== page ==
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Quebec Minister promises flood inspection reports for affected homeowners within five weeks

By SmartCoverage Team on July 12th, 2017

In a news conference Tuesday, Quebec's Public Security Minister Martin Coiteux promised homeowners who have had their homes inspected already in the aftermath of the province's spring floods that they would be receiving their flood inspection reports within the next five weeks.

 

To accelerate the pace of the report deliveries, the province has hired 90 additional people to jump in and join the current response team. It expects to now be issuing 500 flood inspection reports per week.

 

"Can it be faster? We are doing our best," said Coiteux. "Citizens are worried about the delay, and I understand."

 

Coiteux's comments came the morning after a series of public consultations were held across the province at 17 different locations. They provided an opportunity for residents to express their frustrations over how the claims process had been handled thus far, and for government representatives to update them on further developments related to the issue.

 

Despite being a representative of Montreal's Nelligan electoral district, Coiteux was noticeably absent from his district's meeting place in Pointe-Claire.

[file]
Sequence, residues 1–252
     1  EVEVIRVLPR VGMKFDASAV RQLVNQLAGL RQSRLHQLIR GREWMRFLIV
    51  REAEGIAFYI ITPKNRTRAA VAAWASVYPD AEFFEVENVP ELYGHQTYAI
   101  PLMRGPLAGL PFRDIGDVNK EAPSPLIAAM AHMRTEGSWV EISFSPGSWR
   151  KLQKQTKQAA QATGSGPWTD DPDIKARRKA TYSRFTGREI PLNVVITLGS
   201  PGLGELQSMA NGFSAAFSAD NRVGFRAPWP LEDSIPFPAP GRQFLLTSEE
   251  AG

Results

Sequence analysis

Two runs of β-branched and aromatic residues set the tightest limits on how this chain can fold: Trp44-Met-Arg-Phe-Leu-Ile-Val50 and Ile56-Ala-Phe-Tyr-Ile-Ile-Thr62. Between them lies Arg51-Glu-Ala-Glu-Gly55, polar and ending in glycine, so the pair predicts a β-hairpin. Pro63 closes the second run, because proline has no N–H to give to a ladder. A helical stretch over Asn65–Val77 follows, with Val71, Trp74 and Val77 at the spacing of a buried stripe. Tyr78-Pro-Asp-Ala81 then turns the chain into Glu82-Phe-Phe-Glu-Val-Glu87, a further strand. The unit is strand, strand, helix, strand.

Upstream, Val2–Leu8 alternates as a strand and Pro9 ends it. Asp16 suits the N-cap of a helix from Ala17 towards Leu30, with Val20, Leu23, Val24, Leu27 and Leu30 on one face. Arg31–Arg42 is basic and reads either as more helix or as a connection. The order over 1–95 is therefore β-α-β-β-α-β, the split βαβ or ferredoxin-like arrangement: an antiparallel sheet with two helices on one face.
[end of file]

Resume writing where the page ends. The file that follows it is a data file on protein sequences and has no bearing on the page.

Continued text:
"This used to be considered a state of emergency. Since many families here have yet to receive the help that your office promised back in May, can you please explain to us where is the elected minister of public security?" said affected homeowner Itsik Romano.

 

Thus far, the government has already paid out over $6.2 million to people affected by the floods in the Montreal area, while 921 files for compensation have been opened. That makes up nearly a third of the total compensation files to be submitted around the province (3,232), 2,949 of which have been completed.

 

In order to mitigate damage from future Quebec floods, the provincial government has already begun developing a new system that will be centred around what it calls "special intervention zones." These zones, which stretch across 211 Quebec municipalities, are areas that are considered vulnerable to flooding every 0 to 20 years and will now have any future construction specially monitored and possibly restricted because of the clear risk their locations pose.

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